11th Sunday in Ordinary Time

Reflection: Follow the instructions of Jesus to his disciples


In “The Diary of Jesus Christ,” a book as profound as it is delightful, the Rev. Bill Cain has Jesus admit that he sent the disciples out on mission because he desperately needed a break from them. But even more than that, he knew they needed the experience of doing the mission rather than simply witnessing what Jesus did. 

For some reason, today’s selection from Matthew’s Gospel stops before we hear Jesus tell the disciples to take nothing with them for the journey. Perhaps the last instruction, “Without cost you have received; without cost you are to give,” summarizes the idea that what they are to do does not come from their own expertise, but from the transforming grace of who they have become with Jesus.

Although it is not emphasized, today’s Gospel reveals a great deal about Jesus. While we are not surprised by his compassion for troubled and abandoned people, we gain a great insight as we hear him tell the disciples to pray for workers to respond to the needs that he saw. 

As if inspired by his prayer, Jesus turned and gave his disciples the power to take up his mission. This suggests that when Jesus prayed, he was seeking to discern how God desired to act through him rather than for him. 

What must those disciples have thought when Jesus told them they too could take command over evil spirits and heal the sick? What were they picturing when he suggested that they would cleanse lepers? Raise the dead? Did they have any clue about what he meant in telling them to give in the same way they had received? 

When we read the rest of Matthew’s story, we hear Jesus warn them about all the dangers they would face — dangers that became all too real for them after the Resurrection. 

Whatever they felt, whether excitement for the adventure, fear of the road, or a sense of woeful inadequacy facing what seemed to be expected of them, they went out. At some level, they must have felt a bit like their desert ancestors about whom we hear today, people loved beyond measure — and charged with a vocation precisely because they were so loved. 

Our reading from Exodus invites us to observe God telling Moses just how precious this people was. God commanded Moses to remind the Israelites of how they had been cared for — borne away from the Egyptians as if by eagles! All this just so that they could be God’s own, a special treasure, the dearest on earth.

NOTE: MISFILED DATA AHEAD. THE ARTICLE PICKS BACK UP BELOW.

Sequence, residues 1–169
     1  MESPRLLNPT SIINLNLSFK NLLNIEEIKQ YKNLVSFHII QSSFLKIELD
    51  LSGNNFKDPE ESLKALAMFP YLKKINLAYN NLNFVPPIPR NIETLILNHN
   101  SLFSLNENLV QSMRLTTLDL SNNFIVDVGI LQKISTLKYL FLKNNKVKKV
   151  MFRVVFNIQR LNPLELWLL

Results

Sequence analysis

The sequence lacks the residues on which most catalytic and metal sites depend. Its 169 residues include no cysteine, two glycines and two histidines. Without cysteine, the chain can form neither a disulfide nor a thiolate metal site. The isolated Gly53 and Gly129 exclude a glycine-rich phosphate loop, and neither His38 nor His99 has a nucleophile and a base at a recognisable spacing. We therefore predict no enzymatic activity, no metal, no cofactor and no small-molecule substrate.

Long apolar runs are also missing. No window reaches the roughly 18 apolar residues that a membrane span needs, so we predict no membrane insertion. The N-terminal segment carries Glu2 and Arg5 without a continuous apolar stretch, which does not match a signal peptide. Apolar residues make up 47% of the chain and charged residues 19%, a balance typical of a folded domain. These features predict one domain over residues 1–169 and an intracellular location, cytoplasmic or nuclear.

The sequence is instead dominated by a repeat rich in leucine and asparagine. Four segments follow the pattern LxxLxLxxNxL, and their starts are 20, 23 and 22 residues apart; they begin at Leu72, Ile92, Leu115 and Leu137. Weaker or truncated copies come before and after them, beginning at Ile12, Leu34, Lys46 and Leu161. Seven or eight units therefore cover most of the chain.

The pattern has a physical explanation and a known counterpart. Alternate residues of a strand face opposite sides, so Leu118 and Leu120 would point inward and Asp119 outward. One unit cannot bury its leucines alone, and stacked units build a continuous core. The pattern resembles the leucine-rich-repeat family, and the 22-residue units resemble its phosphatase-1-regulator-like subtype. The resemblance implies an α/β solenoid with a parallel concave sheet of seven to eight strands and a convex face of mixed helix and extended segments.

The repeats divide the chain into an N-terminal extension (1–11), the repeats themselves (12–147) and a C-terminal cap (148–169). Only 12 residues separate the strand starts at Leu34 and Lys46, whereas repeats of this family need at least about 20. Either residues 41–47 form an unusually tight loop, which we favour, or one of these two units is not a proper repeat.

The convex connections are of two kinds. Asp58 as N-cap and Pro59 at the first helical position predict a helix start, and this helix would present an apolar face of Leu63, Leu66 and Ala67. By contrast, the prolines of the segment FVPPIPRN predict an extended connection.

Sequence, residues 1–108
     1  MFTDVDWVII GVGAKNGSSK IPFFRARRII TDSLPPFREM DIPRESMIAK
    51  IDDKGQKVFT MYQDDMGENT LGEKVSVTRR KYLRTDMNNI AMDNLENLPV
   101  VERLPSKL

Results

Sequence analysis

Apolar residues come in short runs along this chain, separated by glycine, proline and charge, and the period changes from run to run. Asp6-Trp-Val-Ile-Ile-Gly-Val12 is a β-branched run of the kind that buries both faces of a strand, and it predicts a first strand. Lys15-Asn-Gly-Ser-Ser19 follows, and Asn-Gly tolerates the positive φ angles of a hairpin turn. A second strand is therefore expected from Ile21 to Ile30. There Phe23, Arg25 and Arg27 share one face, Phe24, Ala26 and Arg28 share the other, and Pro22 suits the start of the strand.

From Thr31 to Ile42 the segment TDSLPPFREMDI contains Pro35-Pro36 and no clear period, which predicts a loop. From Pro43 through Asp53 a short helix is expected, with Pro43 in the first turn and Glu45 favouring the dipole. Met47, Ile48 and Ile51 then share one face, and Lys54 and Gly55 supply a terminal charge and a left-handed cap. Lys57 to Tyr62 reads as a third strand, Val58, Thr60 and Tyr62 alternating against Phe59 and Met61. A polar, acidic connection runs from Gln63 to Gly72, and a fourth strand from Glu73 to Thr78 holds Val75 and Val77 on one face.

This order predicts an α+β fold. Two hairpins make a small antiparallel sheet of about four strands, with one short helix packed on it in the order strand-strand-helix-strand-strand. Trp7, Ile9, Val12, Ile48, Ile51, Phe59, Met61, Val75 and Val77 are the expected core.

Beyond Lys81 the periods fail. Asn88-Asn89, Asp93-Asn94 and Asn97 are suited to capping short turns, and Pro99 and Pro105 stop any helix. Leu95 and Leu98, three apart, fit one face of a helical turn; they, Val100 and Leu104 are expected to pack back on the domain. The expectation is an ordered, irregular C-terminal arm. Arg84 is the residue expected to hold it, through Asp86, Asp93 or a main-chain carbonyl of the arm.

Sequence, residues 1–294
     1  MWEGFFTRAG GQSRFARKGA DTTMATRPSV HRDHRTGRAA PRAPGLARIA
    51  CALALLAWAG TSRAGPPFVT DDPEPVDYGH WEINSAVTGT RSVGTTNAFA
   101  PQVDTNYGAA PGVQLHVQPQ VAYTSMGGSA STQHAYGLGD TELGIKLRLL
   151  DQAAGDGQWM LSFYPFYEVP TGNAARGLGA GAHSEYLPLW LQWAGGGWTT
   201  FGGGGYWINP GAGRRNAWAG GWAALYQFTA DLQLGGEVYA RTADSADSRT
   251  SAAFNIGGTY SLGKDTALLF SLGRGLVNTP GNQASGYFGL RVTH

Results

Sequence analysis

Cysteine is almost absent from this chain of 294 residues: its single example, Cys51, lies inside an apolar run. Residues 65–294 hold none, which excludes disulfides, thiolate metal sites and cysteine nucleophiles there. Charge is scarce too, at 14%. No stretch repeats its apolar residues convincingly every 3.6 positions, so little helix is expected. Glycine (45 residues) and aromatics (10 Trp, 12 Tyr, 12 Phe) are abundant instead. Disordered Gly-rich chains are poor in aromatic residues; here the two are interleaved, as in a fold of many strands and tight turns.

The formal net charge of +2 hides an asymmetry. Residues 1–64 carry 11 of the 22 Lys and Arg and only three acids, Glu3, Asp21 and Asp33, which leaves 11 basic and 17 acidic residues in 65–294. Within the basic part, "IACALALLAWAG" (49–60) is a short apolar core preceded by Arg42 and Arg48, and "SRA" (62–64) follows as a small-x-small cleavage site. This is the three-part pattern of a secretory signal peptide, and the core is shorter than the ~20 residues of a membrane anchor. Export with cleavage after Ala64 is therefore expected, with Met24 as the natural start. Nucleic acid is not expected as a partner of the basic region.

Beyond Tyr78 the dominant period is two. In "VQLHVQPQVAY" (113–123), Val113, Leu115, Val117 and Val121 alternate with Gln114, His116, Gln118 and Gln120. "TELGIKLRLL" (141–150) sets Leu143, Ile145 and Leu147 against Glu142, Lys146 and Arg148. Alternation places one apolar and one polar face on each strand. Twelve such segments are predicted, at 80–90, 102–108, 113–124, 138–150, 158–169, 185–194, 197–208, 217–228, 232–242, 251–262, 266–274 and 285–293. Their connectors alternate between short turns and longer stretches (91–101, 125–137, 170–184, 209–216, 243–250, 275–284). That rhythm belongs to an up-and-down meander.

Then God explains that none of this is just for themselves. They are God’s chosen because of what they are to become for others — a kingdom of priests, a holy nation. As the beloved of God, they were responsible to make God present to the rest of the world. 

There’s a very practical spiritual dynamic at play in both of these stories. Whether we think of Israel or the disciples (as 12, they were symbolic of a renewed Israel), they were being invited to experience God’s love in the most realistic way. 

It was not enough to sit back and bask in warm feelings. That would be self-indulgent, and by the very fact of focusing on themselves, it would erode their awareness of God’s love as a free gift. 

What Jesus knew from his own life was that the love of God must be shared lest we lose touch with the source and become like Narcissus, lost in our own mirrors. 

Jesus sent the disciples out for their own good as much as for the good of the world. In the dynamics of the reign of God, good is not separable — what is truly good for one, is good for all of creation and vice versa. We will only comprehend how much God has given us by giving it to others. Grace does not exist as a private possession. 

What does this say to us here and now?